Issues / Women
Compulsory licensing and parallel importing policies could help developing country governments make essential medicines more affordable to their citizens.
Over the past 30 years, study after study by academics, development practitioners, and international agencies has demonstrated the seemingly self-evident fact that women are equal to men, and sometimes surpass men, in contributing to social and economic development.
In response to Harvard Professor Samuel Huntington's now infamous argument predicting a future full of clashes between civilizations, the world's liberals responded with a call for a civilizational dialogue.
Immigration and human rights groups are hoping that a legal brief they have submitted to Attorney General John Ashcroft will persuade him to uphold a proposed Clinton administration policy that women who have suffered severe domestic abuse in their homeland may be granted political asylum in the United States.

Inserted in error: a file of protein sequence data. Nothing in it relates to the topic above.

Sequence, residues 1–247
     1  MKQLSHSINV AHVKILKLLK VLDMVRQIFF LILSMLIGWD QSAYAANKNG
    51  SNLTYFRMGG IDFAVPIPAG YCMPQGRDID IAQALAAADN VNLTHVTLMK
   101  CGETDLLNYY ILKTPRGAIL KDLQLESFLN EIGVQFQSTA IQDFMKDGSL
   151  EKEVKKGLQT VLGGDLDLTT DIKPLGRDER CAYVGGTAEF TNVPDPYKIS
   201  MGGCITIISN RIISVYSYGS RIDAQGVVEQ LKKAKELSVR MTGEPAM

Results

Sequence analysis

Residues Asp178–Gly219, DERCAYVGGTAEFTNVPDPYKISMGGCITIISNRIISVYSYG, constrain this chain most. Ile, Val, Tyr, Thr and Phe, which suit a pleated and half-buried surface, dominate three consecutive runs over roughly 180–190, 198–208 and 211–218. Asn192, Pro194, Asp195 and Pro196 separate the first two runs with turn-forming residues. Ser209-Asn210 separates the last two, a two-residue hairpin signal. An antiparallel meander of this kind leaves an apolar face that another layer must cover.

Women workers are good for trade, but is trade good for women workers?
When President Bush took the oath of office, one pledge he didn't make that he should have was to stop the torture.
Will the parliamentary elections deepen democracy in Afghanistan?
There is skepticism around Bush's plan to prevent HIV infections, as stated in his latest State of the Union address.
With all this talk of freedom, it is important to ask the question, how are Afghan women enduring American-style freedom?
As a treaty that establishes a badly needed human rights standard for the treatment of women and girls, CEDAW deserves strong U.S. backing.